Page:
'The total return on a portfolio of investments takes into account not only the capital appreciation on the portfolio, but also the income received on the portfolio. The income typically consists of interest, dividends, and securities lending fees. This contrasts with the price return, which takes into account only the capital gain on an investment.'

Applying this definition to our asset in some examples:- Compared with the benchmark SPY (60.6%) in the period of the last 5 years, the total return of 29% of iShares Global Consumer Staples ETF is lower, thus worse.
- Looking at total return in of 14.9% in the period of the last 3 years, we see it is relatively lower, thus worse in comparison to SPY (38%).

'Compound annual growth rate (CAGR) is a business and investing specific term for the geometric progression ratio that provides a constant rate of return over the time period. CAGR is not an accounting term, but it is often used to describe some element of the business, for example revenue, units delivered, registered users, etc. CAGR dampens the effect of volatility of periodic returns that can render arithmetic means irrelevant. It is particularly useful to compare growth rates from various data sets of common domain such as revenue growth of companies in the same industry.'

Using this definition on our asset we see for example:- Compared with the benchmark SPY (10%) in the period of the last 5 years, the annual return (CAGR) of 5.2% of iShares Global Consumer Staples ETF is lower, thus worse.
- During the last 3 years, the compounded annual growth rate (CAGR) is 4.7%, which is lower, thus worse than the value of 11.3% from the benchmark.

'In finance, volatility (symbol σ) is the degree of variation of a trading price series over time as measured by the standard deviation of logarithmic returns. Historic volatility measures a time series of past market prices. Implied volatility looks forward in time, being derived from the market price of a market-traded derivative (in particular, an option). Commonly, the higher the volatility, the riskier the security.'

Applying this definition to our asset in some examples:- Compared with the benchmark SPY (21.5%) in the period of the last 5 years, the 30 days standard deviation of 16% of iShares Global Consumer Staples ETF is lower, thus better.
- Compared with SPY (17.9%) in the period of the last 3 years, the 30 days standard deviation of 12.8% is lower, thus better.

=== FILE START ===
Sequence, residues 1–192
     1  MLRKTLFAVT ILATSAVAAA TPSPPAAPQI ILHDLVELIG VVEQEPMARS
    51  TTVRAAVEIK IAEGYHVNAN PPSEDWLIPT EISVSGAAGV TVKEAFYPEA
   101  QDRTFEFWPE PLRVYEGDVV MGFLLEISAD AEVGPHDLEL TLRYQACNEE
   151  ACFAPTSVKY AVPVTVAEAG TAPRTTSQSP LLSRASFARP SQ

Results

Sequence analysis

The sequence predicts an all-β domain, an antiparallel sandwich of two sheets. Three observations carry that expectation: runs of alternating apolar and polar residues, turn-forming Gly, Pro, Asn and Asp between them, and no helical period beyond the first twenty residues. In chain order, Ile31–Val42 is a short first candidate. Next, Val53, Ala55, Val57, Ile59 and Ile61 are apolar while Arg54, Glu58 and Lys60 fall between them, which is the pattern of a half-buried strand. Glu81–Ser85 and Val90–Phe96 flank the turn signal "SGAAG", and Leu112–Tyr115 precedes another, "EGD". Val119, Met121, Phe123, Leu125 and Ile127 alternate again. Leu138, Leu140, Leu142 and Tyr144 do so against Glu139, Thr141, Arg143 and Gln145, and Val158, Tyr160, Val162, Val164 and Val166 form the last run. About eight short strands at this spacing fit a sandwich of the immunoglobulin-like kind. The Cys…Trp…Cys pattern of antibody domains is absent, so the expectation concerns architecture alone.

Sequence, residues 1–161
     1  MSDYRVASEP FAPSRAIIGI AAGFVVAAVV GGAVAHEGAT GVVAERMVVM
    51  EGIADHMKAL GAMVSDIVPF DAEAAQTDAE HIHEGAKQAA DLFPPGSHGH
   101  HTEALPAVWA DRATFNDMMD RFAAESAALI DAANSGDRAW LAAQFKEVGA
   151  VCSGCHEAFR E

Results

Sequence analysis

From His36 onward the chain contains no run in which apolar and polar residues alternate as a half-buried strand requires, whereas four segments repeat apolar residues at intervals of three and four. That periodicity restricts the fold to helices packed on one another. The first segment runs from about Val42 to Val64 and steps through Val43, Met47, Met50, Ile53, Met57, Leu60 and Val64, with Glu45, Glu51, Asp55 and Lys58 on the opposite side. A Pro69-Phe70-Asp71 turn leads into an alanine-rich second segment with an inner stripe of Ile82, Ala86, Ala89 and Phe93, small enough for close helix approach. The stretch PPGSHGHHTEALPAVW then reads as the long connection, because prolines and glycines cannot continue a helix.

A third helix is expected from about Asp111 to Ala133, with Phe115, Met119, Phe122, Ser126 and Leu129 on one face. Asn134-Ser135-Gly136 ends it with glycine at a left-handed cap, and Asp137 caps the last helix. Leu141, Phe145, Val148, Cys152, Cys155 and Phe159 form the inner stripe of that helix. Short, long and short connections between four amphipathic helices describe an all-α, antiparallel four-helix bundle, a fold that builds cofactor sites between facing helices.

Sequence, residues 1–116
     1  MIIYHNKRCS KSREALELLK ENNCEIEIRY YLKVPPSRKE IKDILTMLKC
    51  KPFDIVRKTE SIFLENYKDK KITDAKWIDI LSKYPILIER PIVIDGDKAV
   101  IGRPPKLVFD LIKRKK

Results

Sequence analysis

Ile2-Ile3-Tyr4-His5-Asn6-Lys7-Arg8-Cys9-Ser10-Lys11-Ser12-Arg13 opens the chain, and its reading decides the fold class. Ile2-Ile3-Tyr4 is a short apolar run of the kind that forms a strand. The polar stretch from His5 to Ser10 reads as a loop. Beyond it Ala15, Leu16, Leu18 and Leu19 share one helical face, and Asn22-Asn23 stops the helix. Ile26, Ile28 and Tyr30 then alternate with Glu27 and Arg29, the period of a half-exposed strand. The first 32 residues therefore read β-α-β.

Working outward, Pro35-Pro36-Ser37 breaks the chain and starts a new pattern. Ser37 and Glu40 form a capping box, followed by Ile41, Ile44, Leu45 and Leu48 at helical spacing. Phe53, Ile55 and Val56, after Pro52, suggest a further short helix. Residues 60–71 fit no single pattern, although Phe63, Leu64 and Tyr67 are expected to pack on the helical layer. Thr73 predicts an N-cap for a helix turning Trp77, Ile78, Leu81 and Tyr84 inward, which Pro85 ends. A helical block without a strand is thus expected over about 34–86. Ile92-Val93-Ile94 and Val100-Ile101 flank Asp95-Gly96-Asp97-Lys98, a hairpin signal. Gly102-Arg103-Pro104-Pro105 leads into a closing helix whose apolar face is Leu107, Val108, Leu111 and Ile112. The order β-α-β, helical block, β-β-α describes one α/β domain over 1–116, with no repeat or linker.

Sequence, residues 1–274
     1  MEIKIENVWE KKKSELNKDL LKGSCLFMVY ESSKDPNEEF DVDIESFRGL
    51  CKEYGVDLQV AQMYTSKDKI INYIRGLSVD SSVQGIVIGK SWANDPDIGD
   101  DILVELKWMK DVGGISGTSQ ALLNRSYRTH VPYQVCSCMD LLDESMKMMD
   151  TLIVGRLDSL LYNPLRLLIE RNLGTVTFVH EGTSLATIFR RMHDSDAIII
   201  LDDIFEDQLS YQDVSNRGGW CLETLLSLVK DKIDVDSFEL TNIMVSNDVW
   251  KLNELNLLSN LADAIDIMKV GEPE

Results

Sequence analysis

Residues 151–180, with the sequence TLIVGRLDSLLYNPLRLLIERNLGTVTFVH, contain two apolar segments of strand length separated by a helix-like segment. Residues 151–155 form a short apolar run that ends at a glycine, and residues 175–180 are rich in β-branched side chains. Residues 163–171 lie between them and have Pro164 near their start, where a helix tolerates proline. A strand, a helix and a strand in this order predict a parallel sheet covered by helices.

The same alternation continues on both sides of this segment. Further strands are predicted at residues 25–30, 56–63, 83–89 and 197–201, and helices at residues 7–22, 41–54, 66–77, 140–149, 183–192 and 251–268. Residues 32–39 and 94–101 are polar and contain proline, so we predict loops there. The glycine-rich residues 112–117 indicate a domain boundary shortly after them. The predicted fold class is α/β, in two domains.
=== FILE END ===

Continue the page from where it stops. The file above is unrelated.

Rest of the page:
'The downside volatility is similar to the volatility, or standard deviation, but only takes losing/negative periods into account.'

Using this definition on our asset we see for example:- Compared with the benchmark SPY (15.5%) in the period of the last 5 years, the downside volatility of 11.6% of iShares Global Consumer Staples ETF is smaller, thus better.
- Looking at downside volatility in of 9.2% in the period of the last 3 years, we see it is relatively lower, thus better in comparison to SPY (12.5%).

'The Sharpe ratio (also known as the Sharpe index, the Sharpe measure, and the reward-to-variability ratio) is a way to examine the performance of an investment by adjusting for its risk. The ratio measures the excess return (or risk premium) per unit of deviation in an investment asset or a trading strategy, typically referred to as risk, named after William F. Sharpe.'

Using this definition on our asset we see for example:- The Sharpe Ratio over 5 years of iShares Global Consumer Staples ETF is 0.17, which is smaller, thus worse compared to the benchmark SPY (0.35) in the same period.
- Looking at risk / return profile (Sharpe) in of 0.18 in the period of the last 3 years, we see it is relatively smaller, thus worse in comparison to SPY (0.49).

'The Sortino ratio measures the risk-adjusted return of an investment asset, portfolio, or strategy. It is a modification of the Sharpe ratio but penalizes only those returns falling below a user-specified target or required rate of return, while the Sharpe ratio penalizes both upside and downside volatility equally. Though both ratios measure an investment's risk-adjusted return, they do so in significantly different ways that will frequently lead to differing conclusions as to the true nature of the investment's return-generating efficiency. The Sortino ratio is used as a way to compare the risk-adjusted performance of programs with differing risk and return profiles. In general, risk-adjusted returns seek to normalize the risk across programs and then see which has the higher return unit per risk.'